When the ACoA8 stems were cut, we noticed that the wood displayed a light orange color, whereas the wild-type wood did not (Fig. (Fig.10A).10A). The light orange color was seen immediately after cut. Thus, it was not caused by wounding-induced reactions, which normally took a few minutes. The light orange color in ACoA8 wood was resistant to extraction with 50% (v/v) methanol (Fig. (Fig.10B),10B), indicating that it was not caused by accumulation of free phenolics.

Figure 10
Fresh wood color of transgenic poplar plants. Fresh wood from 9-month-old poplar was sectioned and photographed immediately (A) or treated with 50% (v/v) methanol before photography. It was evident that the ACoA8 wood displayed light orange color, ...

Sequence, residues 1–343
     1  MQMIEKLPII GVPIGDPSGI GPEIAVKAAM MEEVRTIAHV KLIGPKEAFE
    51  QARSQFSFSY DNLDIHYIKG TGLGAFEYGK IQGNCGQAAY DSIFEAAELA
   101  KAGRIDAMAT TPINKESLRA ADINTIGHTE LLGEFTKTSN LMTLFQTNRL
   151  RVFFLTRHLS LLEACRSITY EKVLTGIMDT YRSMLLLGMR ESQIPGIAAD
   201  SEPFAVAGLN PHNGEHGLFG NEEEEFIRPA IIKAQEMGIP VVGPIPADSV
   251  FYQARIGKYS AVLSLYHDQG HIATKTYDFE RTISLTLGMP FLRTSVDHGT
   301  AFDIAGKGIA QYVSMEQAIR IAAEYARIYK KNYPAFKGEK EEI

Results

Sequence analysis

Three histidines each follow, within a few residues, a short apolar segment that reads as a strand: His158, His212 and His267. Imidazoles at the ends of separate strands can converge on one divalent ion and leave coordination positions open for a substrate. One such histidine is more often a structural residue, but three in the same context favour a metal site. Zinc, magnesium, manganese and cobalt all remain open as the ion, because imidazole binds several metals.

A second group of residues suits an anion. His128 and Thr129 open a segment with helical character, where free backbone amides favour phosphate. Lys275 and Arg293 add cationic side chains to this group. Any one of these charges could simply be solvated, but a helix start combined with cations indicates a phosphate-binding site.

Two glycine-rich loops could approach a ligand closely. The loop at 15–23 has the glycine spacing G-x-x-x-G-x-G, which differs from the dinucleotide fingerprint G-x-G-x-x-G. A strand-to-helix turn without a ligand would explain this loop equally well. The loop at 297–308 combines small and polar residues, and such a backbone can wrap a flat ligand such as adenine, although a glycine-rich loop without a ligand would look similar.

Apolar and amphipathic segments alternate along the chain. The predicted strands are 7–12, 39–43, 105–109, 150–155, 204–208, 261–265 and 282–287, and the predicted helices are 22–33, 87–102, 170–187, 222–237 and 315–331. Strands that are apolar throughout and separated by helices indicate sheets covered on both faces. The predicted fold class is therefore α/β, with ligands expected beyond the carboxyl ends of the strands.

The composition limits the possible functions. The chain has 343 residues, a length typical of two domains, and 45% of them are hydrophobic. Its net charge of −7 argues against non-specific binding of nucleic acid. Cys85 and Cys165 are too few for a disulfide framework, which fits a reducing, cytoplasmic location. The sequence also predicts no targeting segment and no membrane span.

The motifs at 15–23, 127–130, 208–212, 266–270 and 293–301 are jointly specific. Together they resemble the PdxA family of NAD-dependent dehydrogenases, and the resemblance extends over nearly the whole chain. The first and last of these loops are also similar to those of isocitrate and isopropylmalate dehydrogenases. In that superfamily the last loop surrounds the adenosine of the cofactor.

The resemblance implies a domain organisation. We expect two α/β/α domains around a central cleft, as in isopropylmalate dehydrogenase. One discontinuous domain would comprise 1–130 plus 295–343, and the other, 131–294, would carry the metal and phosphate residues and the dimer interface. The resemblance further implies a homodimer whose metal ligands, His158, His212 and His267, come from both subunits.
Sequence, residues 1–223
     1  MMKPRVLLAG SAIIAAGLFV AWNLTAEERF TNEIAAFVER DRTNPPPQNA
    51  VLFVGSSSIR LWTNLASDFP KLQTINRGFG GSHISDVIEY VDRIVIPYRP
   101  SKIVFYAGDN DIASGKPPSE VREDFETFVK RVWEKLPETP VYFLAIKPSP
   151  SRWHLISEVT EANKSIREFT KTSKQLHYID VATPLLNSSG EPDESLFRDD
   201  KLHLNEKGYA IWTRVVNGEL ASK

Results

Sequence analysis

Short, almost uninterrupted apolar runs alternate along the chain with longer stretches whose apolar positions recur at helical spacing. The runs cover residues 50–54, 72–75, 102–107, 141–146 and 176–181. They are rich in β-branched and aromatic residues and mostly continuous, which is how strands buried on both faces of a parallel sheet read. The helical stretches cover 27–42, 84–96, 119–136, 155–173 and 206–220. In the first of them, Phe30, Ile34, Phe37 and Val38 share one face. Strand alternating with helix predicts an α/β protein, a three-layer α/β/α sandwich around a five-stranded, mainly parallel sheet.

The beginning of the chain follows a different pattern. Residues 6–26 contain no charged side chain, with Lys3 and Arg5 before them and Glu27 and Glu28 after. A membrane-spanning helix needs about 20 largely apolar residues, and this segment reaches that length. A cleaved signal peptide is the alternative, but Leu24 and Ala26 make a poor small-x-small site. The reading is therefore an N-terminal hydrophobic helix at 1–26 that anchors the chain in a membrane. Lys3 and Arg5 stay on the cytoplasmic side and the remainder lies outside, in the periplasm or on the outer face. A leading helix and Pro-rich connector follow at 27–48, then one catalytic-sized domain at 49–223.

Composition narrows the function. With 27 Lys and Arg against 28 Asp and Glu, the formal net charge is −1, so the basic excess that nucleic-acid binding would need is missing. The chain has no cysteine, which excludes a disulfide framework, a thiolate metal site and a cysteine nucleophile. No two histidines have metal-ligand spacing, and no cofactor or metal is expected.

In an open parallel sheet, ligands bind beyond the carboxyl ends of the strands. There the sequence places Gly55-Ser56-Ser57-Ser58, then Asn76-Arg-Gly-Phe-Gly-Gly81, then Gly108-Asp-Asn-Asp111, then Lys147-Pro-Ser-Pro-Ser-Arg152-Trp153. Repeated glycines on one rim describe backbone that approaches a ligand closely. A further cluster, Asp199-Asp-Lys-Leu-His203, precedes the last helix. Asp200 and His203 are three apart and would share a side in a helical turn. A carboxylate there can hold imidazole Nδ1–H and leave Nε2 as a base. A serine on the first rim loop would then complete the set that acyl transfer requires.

The observation of coloration in ACoA8 wood prompted us to investigate whether the coloration was attributed by an accumulation of phenolics. Because repression of CCoAOMT blocks the conversion of caffeoyl CoA into feruloyl CoA, it was predicted that the substrate caffeoyl CoA might be accumulated. However, gas-liquid chromatography of the extracted phenolics did not show any significant increase of caffeate. Instead, it was found that a compound corresponding to p-hydroxybenzoic acid was elevated 2- to 3-folds in both free and wall-bound phenolic extracts of the ACoA8 plant (data not shown), indicating that repression of CCoAOMT resulted in an elevation of p-hydroxybenzoic acid in wood.